Do you really think the league cares?
Consider everything you know about the NFL. Gather your thoughts and apply that knowledge to the current standoff with the referees. Do you think the NFL will budge on this matter?
I am waiting for a no, in case you had not figured it out.
When was the last time the league remitted on anything? The last time it admitted it was wrong on something? No mea culpas coming from 345 Park Avenue. It might be a new, downsized location after being located down the street at 280 Park Avenue after many years, but it’s the same NFL.
Stubborn. Fierce. Unyielding.
In a way, that’s its hallmark — and it’s a huge part of how the NFL has built itself into a monster. But when the league gets to the point where it has substandard games being poorly officiated by under-qualified men and women, and there's no tangible acceptance of blame, it shows just how blindly obdurate it has become.
The players are starting to speak out. Ravens QB Joe Flacco got the ball rolling in Week Two with what he thought was a poorly officiated game in Philadelphia, his words having now gone viral.
“I have no idea, but the NFL and everybody always talks about the integrity of the game and things like that, and I think this is kind of along those lines,” he said. “Not to say these guys are doing a bad job, but the fact that we don’t have the normal guys out there is pretty crazy.”
The TV analysts are jumping in. NBC’s Tony Dungy echoed Flacco in saying that defensive backs are getting away with a form of jiu-jitsu when going after receivers.
“One area where they are struggling is downfield contact,” Dungy said of the replacement refs. “There’s no illegal contact penalty in college, so they’re not looking for it.
“A lot of wrestling.”
As former DBs, Dungy and Rodney Harrison should know.
“This is why Flacco and other quarterbacks around the league are frustrated,” Harrison said Sunday night on NBC's Football Night in America. “If I’m a defensive back and they’re not calling it, I’m going to do it the entire day.”
Most coaches are biting their lips on the matter, but some can’t help hinting at the problem. After saying he couldn’t talk about the officials, Ravens head coach John Harbaugh weighed in on the pass-interference issue: “The challenge for us right now is what constitutes what? You know, what constitutes illegal contact? What constitutes pass interference? I’m not sure right now.”
In a way, you could argue the NFL is taking the same approach to the contract negotiations with the NFL Referees Association. If people are still watching in record numbers (the Week One TV ratings were fabulous), then what exactly needs to change? That's the league's philosophy.
Not that the NFLRA isn't to blame, either. The NFL has raised its offer recently, per reports. And yet the referees' union has gone into a bunker mentality. Privately, the officials might be pining for those handsome game checks they are missing. But we have no idea what their negotiation strategy is at this point. They're asking for a lot, too.
Right now, neither side is winning, and it's affecting the quality of games. Safety issues are the next concern. The two veteran head coaches in the Redskins-Rams game had to feel what I saw on TV: a game that got out of control. The refs had no chance. It wasn’t their fault because they don’t know how to handle this.
“I think it’s a combination of everything,” Rams head coach Jeff Fisher said afterward. “It’s our game. Most of them are not Division I. They’re all doing the best they can, but it’s a combination of everything. It’s the speed, it’s the difference in rules, it’s everything. We just hope that they’re able to get things put together here as soon as they can.”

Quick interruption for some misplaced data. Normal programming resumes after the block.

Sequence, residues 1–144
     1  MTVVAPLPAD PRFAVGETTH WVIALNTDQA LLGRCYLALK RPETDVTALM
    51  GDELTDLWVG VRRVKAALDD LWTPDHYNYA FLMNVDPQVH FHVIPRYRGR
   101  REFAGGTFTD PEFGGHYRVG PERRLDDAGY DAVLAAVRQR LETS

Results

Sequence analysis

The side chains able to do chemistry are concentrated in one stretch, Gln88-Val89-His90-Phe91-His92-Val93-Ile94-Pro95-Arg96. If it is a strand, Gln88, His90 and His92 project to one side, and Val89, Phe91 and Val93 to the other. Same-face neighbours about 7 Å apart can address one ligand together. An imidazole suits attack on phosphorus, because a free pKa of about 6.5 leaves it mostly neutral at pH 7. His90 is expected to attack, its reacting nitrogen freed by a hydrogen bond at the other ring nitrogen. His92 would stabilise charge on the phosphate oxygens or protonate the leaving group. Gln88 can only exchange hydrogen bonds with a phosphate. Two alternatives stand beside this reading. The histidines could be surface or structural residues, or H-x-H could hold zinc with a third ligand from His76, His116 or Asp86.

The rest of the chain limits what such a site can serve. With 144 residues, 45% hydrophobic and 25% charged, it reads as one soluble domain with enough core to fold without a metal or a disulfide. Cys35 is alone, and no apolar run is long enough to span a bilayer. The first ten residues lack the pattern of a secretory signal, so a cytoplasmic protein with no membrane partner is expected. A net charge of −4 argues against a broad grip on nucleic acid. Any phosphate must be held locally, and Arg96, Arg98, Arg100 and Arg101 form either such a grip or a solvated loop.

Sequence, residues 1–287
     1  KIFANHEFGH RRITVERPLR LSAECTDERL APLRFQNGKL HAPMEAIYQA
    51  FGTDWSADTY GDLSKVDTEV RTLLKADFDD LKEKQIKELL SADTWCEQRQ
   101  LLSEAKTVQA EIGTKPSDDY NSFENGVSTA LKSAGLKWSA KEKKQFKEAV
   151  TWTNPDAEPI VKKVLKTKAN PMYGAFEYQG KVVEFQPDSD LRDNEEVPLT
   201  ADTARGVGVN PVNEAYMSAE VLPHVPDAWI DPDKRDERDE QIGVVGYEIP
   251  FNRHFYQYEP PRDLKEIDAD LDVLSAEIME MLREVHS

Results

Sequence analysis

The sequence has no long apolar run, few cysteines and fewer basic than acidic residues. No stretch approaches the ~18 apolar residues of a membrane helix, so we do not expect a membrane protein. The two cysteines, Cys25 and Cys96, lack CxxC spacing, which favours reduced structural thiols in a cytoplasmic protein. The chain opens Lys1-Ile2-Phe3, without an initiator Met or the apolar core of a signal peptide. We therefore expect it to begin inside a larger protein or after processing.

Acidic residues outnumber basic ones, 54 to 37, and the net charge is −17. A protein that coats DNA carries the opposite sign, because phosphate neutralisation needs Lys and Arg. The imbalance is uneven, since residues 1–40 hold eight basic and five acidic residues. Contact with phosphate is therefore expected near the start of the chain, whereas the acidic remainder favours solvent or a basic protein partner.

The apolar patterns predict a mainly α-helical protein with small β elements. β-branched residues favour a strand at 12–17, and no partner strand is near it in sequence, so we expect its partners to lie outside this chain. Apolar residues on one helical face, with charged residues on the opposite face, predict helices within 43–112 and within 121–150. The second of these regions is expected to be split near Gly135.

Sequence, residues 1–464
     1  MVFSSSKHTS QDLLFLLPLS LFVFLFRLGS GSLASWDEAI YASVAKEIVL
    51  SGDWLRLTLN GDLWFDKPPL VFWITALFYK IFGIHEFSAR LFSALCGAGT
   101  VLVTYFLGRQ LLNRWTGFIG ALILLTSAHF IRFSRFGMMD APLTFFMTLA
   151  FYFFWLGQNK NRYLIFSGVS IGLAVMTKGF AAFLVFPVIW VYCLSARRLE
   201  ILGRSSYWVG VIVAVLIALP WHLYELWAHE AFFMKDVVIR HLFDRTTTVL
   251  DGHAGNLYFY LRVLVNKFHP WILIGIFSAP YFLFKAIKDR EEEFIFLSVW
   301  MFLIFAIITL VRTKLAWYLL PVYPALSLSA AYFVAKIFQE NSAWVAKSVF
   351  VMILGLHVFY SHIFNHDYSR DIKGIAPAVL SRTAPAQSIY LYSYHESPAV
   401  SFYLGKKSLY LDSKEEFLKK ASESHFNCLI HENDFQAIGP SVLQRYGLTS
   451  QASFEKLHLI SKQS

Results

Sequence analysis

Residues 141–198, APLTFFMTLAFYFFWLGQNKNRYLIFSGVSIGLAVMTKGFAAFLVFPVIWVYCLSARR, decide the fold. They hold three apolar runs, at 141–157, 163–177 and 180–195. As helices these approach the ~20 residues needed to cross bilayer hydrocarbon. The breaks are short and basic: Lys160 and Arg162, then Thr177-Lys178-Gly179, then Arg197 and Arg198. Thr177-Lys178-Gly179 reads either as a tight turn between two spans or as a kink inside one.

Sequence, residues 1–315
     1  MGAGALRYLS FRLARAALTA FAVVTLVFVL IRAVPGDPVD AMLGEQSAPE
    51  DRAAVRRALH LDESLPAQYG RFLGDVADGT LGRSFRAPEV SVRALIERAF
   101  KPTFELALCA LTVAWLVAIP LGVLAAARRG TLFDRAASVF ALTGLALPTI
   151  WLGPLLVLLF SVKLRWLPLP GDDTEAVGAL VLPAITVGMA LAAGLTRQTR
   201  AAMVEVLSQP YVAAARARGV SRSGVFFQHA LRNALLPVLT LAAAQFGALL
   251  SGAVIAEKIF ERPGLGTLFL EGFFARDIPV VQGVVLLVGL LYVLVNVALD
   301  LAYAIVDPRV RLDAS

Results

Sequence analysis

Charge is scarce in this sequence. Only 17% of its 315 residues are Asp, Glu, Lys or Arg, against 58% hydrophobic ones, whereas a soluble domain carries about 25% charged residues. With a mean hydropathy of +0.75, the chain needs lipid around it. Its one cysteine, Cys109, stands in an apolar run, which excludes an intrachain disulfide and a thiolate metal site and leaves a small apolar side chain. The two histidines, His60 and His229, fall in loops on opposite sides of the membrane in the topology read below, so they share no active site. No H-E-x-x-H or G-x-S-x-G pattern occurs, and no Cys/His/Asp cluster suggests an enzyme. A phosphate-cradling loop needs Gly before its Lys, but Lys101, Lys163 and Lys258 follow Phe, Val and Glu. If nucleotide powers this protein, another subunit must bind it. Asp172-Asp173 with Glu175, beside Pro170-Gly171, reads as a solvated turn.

It’s the substitute-teacher theory at work. Day One, the kids behave pretty well. Day Two, all they can think about is what they can get away with. Week One in the NFL was passable. Week Two was atrocious. We shouldn’t even have the debate in Week Three.
The league must improve its offer. The regular officials must come out of hiding and be willing to meet halfway. They’re asking for a lot for guys who work 20-25 Sundays a year.
But if they do not come to an agreement on a new CBA, we’ll get more of the zoo-like atmosphere we had in St. Louis and elsewhere. Yes, people will continue to watch the games — the NFL more than anyone knows this — but the product is being seriously sullied.
The league talks about wanting to improve the in-game experience for the fans in order to fill stadium seats, but right now the product at hand has the serious potential for being marred by overmatched officials.
“You have to keep control of what’s going on on the field, and once you get used to doing something, it’s second nature and you go about your business,” Redskins head coach Mike Shanahan said. “Everyone is (a) professional in this league in their own right. Sometimes you don’t make those calls right away and all of a sudden people do lose their composure.”
And how do coaches let this be known?
“You talk to the league. You let them know how you feel.”
Oh yeah? Smart man, Shanahan: When asked if he has contacted the league, he said, “No, I haven’t. I haven’t called them.”
Having been in the NFL for three decades now, he knows deaf ears when he sees them. That’s what the league has become — through its own creation. It has a great product that it’s willing to see at less than its full splendor.
It’s too bad, but the burden has been placed on the consumer, not the provider. Strange, isn’t it? But Econ 101 — supply, demand and all of that — gives us all the answers we need on why the NFL moves the way it does.
The lesson they will not learn today or tomorrow, but perhaps a decade from now, whether it’s still Roger Goodell or whether it’s his successor of football sovereignty, is that it won’t always be this way. That’s probably the next time we’ll see the NFL act like it cares about things such as this.